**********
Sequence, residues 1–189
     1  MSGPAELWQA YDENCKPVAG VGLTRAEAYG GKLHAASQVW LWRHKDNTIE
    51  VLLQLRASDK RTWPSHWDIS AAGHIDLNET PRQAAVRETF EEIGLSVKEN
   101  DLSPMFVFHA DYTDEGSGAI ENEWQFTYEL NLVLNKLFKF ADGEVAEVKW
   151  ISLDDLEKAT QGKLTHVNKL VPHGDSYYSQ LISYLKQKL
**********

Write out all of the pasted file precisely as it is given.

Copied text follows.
Sequence, residues 1–189
     1  MSGPAELWQA YDENCKPVAG VGLTRAEAYG GKLHAASQVW LWRHKDNTIE
    51  VLLQLRASDK RTWPSHWDIS AAGHIDLNET PRQAAVRETF EEIGLSVKEN
   101  DLSPMFVFHA DYTDEGSGAI ENEWQFTYEL NLVLNKLFKF ADGEVAEVKW
   151  ISLDDLEKAT QGKLTHVNKL VPHGDSYYSQ LISYLKQKL